"We identified the candidate genes involved in cardenolide biosynthesis by comparative analysis of the two plant species. The structures of the cardenolides in these plants have both overlapping and divergent profiles. Therefore, comparing information about the plants’ genomes, in particular which genes are expressed in these two plants in relation to the formation of metabolites, was very helpful in identifying the enzymes involved in the formation of pregnenolone," says study leader Prashant Sonawane, who heads the project group "Steroidal Specialised Metabolism in Plants" in the Department of Natural Product Biosynthesis.

In addition, the scientists did not even know where the metabolites of interest were accumulated in the different parts of plants. "The tissue-specific localization of the cardenolides was crucial for using the genetic data sets in a way that allowed the selection of 13 candidate genes. Comparing these datasets across different plants helped us to reduce the number of candidate genes for further characterization," explains Prashant Sonawane.

Finally, two enzymes of the cytochrome P450 family 87A were identified that catalyze the conversion of both cholesterol and phytosterols into pregnenolone in foxglove and Calotropis procera. This was the first step in the cardenolide biosynthetic pathway in these two only distantly related plants. Importantly, this is the first enzymatic function reported for this subfamily of cytochrome P450.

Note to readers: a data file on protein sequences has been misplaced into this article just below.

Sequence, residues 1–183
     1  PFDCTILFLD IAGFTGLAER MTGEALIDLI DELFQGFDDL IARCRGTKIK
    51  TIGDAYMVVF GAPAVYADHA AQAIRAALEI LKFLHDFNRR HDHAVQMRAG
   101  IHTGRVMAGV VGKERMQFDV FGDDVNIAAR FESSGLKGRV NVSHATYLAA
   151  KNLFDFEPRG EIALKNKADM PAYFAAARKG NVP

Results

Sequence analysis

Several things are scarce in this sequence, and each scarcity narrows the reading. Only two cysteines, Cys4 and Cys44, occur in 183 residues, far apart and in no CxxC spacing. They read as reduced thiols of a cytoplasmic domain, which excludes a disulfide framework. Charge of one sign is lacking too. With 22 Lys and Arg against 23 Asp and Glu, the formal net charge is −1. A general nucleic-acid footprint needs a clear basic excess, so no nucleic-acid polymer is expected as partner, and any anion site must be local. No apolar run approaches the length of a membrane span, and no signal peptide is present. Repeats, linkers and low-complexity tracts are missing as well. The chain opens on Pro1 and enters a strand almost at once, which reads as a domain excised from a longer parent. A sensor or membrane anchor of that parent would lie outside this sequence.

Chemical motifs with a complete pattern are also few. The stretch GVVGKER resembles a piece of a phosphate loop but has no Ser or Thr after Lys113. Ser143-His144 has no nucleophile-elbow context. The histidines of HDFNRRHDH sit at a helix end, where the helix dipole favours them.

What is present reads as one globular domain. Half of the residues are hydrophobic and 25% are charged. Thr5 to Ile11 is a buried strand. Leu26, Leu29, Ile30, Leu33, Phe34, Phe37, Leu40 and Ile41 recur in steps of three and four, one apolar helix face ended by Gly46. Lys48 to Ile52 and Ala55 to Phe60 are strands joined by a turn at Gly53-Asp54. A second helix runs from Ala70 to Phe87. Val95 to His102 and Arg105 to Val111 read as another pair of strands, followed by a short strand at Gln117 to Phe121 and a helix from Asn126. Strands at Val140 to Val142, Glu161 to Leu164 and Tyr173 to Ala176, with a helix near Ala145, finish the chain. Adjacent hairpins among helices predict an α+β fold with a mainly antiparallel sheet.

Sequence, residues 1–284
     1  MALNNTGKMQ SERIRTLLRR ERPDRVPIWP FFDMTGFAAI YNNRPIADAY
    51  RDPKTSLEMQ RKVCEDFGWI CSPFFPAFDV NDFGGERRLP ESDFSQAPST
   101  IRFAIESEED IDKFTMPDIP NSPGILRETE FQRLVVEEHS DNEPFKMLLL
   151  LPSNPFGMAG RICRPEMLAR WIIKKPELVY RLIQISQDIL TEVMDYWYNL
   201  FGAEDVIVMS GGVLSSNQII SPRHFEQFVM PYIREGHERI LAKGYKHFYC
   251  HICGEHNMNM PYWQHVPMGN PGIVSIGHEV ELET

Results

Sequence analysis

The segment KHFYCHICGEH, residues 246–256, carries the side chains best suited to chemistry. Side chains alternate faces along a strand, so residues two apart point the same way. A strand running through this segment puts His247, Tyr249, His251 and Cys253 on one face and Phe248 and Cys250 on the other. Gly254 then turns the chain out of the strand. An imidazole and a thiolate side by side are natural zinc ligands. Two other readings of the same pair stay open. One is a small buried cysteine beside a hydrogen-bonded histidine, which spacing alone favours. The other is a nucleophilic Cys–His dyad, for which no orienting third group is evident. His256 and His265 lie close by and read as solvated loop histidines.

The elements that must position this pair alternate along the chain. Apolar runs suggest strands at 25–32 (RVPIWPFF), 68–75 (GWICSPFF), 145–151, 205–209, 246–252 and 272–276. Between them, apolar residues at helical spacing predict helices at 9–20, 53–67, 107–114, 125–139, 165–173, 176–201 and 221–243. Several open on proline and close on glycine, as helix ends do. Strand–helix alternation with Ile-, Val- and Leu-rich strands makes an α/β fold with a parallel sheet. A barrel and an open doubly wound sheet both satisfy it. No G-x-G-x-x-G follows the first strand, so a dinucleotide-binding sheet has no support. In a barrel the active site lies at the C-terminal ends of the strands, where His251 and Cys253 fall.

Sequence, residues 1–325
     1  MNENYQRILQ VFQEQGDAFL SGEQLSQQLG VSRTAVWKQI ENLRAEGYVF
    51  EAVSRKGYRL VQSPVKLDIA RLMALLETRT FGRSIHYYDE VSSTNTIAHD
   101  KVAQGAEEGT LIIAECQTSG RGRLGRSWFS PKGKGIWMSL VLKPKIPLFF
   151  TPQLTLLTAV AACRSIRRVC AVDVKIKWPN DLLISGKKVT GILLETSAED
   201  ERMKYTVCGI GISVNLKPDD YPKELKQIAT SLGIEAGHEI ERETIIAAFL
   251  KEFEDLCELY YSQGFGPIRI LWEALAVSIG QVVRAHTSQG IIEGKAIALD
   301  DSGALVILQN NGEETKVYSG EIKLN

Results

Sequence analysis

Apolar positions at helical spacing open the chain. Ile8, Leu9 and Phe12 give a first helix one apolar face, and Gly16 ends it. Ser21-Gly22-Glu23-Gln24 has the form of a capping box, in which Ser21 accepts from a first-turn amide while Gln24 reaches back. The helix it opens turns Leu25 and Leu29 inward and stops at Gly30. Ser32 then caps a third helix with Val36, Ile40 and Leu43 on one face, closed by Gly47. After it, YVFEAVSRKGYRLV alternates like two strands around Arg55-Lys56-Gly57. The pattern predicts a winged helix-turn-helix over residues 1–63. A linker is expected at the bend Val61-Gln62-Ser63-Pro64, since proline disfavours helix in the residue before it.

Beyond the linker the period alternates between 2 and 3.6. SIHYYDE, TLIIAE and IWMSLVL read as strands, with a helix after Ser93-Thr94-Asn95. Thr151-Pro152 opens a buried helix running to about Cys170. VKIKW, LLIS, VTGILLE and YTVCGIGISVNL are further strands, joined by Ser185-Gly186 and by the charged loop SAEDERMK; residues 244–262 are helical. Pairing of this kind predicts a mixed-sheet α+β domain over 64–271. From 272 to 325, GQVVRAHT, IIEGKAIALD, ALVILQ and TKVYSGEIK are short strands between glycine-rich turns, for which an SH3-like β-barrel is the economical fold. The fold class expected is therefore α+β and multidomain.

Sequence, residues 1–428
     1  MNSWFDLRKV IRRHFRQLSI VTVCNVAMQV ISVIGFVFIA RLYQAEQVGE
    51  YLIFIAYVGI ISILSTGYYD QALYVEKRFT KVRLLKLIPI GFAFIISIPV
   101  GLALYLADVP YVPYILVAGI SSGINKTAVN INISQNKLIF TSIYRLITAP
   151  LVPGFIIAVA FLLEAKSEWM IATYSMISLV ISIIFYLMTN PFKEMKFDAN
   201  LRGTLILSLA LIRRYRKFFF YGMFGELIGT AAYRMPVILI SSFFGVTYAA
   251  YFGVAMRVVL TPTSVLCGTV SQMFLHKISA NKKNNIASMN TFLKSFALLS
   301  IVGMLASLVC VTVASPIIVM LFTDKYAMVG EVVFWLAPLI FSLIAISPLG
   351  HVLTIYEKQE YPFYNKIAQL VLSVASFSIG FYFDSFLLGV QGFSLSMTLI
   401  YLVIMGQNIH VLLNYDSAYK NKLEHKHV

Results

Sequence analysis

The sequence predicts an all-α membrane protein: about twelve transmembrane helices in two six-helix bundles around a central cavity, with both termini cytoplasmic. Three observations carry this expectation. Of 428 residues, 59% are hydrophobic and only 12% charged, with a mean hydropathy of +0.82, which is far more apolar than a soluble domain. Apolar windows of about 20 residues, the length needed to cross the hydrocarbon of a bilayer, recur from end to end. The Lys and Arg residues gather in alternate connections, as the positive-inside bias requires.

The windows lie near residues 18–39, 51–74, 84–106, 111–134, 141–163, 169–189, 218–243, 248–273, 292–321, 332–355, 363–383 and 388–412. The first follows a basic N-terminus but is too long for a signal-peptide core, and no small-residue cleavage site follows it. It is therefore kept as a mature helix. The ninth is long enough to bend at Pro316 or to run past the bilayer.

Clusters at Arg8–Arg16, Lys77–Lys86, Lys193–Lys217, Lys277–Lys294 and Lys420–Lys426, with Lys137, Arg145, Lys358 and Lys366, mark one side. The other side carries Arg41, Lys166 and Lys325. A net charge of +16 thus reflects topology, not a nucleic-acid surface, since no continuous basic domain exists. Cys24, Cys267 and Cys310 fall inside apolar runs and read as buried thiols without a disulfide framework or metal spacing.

The scientists tested their findings by modifying plants of the model system Arabidopsis thaliana to produce more CYP87A enzymes. The genetically modified Arabidopsis plants accumulated unusually high levels of pregnenolone. Further evidence for the involvement of CYP87A enzymes in the formation of pregnenolone came from genetically modified foxglove plants that lacked CYP87A enzymes in their leaves. In these plants, the formation of pregnenolone and cardenolides was greatly reduced. The authors established the first stable transformation system to modify foxglove plants for the study of specialised metabolites.

The research team is far from satisfied with deciphering the first enzymatic step of cardenolide biosynthesis. "We are already working on the downstream steps for the formation of cardenolides in different plant species. This biosynthetic pathway is long and highly complex.  With the ability to apply the latest sequencing, bioinformatics and metabolomics methods across multiple plant species, we hope to solve this puzzle soon," says Prashant Sonawane.

Plants produce many pharmaceutical compounds. The extraction of these natural products is still very complex and often not very sustainable. The Department of Natural Product Biosynthesis at the Max Planck Institute for Chemical Ecology, led by Sarah O'Connor, aims to elucidate the biosynthetic pathways of important phytochemicals with medical relevance. "The discovery of enzymes such as CYP87A can help develop biological platforms for the sustainable production of high-value plant compounds by using other plants for their biosynthesis," says Sarah O'Connor.